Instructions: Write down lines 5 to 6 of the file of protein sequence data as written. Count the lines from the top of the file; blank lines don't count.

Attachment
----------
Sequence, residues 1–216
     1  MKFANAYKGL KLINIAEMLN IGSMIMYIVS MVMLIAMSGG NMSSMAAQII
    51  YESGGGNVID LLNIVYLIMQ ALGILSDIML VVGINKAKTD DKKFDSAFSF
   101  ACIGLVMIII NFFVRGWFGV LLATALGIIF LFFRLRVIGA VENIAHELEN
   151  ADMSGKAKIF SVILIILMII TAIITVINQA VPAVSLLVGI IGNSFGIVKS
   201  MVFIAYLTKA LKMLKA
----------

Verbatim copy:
   151  ADMSGKAKIF SVILIILMII TAIITVINQA VPAVSLLVGI IGNSFGIVKS
   201  MVFIAYLTKA LKMLKA